The International Court of Justice on Friday ordered Senegal to prosecute the former president of Chad, Hissène Habré, who has lived comfortably for two decades in Senegal despite indictments in connection with political killings, torture and a host of other brutalities.
The court decision, which could affect exiled leaders in other countries, found that Senegal had breached the 1984 Convention Against Torture by ignoring charges against Mr. Habré. The ruling ordered the Senegalese authorities either to prosecute him “without further delay” or to extradite him for trial elsewhere.
In Senegal, the government sent extra security to Mr. Habré’s luxury villa on the outskirts of Dakar, the capital, where he has lived undisturbed since he fled a rebellion at home in 1990.
His fearsome rule, from 1982 to 1990, has been largely forgotten in North Africa, overtaken by other strongmen and conflicts.
But a small group of victims who survived the atrocities of Mr. Habré’s secret police have kept up a tenacious campaign to seek justice.
If a trial does go ahead in Senegal, it will be the first time the president of one country is tried before in another country’s court on charges of crimes committed at home, officials said. Other heads of state who have been prosecuted have appeared before international courts or tribunals.
Justice Minister Aminata Touré, reached by telephone in Dakar, said Senegal would abide by the court’s order.
“We want that trial to start later this year,” Ms. Touré said. “We are a new government, and we regret that for years this trial did not take place.”
She said President Macky Sall, who was elected in March, has stated publicly that he intends to prosecute Mr. Habré.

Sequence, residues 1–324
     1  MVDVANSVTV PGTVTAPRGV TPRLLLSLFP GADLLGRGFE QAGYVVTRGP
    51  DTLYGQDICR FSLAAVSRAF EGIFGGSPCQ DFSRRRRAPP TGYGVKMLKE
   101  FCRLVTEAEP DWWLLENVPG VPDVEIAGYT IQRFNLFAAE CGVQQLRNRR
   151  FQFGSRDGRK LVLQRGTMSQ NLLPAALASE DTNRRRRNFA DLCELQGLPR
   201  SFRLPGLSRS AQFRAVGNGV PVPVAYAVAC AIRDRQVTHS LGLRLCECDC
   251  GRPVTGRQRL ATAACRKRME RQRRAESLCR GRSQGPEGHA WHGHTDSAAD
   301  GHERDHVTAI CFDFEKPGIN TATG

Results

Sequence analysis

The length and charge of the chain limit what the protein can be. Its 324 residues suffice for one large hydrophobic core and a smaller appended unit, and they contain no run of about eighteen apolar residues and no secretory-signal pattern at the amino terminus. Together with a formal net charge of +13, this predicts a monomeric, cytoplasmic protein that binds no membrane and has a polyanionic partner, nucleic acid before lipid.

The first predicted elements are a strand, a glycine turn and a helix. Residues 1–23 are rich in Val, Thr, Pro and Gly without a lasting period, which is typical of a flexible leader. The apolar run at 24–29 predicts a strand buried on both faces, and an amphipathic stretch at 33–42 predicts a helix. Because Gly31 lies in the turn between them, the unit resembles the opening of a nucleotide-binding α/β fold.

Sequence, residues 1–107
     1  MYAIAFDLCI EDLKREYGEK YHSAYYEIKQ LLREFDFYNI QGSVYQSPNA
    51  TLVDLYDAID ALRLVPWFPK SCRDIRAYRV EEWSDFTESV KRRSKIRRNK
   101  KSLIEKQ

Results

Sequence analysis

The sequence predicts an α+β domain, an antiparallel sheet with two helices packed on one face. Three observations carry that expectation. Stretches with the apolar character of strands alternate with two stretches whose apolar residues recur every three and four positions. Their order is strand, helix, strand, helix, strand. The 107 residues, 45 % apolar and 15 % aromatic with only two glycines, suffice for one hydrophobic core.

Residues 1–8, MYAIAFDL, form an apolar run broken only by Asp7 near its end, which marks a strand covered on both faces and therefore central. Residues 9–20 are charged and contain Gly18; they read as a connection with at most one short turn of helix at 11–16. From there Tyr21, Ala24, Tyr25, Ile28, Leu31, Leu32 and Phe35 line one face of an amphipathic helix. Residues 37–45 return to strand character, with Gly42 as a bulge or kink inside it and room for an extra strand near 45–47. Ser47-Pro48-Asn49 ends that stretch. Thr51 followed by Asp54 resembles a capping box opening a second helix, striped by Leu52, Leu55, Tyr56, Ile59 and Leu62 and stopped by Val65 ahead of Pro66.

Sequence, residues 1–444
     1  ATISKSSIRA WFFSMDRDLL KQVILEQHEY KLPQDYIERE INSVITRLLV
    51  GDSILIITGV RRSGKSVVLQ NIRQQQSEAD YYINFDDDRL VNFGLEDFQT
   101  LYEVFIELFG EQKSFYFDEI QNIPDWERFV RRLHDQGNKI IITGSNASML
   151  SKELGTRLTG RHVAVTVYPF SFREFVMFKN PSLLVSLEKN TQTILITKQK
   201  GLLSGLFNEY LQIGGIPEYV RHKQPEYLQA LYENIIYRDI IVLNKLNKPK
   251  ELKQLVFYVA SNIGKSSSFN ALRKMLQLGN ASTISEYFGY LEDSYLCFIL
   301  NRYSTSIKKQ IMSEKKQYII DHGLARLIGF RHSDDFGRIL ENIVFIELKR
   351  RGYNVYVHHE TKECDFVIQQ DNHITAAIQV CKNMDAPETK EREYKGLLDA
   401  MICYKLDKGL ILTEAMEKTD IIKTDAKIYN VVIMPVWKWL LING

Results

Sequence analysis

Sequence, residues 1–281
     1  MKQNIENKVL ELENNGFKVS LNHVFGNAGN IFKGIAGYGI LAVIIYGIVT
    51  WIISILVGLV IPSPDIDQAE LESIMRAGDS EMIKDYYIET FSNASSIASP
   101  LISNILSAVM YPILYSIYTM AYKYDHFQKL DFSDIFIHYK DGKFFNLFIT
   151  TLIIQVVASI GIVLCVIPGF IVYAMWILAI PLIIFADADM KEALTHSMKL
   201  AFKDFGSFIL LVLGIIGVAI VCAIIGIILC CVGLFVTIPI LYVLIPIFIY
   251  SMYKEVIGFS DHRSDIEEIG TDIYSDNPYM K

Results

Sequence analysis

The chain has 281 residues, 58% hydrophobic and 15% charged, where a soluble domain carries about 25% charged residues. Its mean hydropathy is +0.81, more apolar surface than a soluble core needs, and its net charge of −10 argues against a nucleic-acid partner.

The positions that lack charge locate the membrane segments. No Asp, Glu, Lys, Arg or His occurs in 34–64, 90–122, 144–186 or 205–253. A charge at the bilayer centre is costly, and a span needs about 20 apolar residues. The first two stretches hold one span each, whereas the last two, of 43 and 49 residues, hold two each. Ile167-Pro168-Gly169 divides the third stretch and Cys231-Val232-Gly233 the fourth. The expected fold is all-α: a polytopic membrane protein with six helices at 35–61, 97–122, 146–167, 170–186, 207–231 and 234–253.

He would be tried under Senegalese law by a panel of local and African judges set up in agreement with the African Union, an arrangement Ms. Touré called “a novelty in international law.”
A human rights lawyer who had previously worked for the United Nations, Ms. Touré said that although she was sorry to see a ruling against her country, it was an important step in human rights law.
Neither Mr. Habré nor his lawyer could be reached for comment, but his comfortable exile may be coming to an end. Although Chad is among the world’s poorest nations, Mr. Habre is said to have acquired a sizable fortune. The Chad Truth Commission said in 1992 that even during the final days of his rule, he stole more than $11 million from the country’s treasury and central bank.
Mr. Habré came to power reportedly backed by covert support from the United States, during the Reagan administration, and other Western countries that wanted a counterweight in Chad to its troublemaking neighbor, Libya, at the time under the leadership of Col. Muammar el-Qaddafi. The truth commission said Mr. Habré’s government had killed up to 40,000 opponents and tortured many others.
A court in Chad has sentenced him to death in absentia, and courts in Belgium and Senegal have sentenced him for crimes against humanity, including torture, but Senegalese politicians presented numerous obstacles to his prosecution. It was Belgium that filed the case against Senegal at the court in The Hague, arguing that he should either be tried in Senegal or extradited to Belgium. It denounced Senegal for turning down four Belgian extradition requests.
Among the victims of Mr. Habré’s secret police was Souleymane Guengueng, who attended the court hearings this year. He said he had nearly died during almost three years in Mr. Habré’s prisons before founding an association of victims to seek justice. “This is one of the best days of my life,” Mr. Guengueng said. “The world’s highest court said today that we have a right to see justice done.”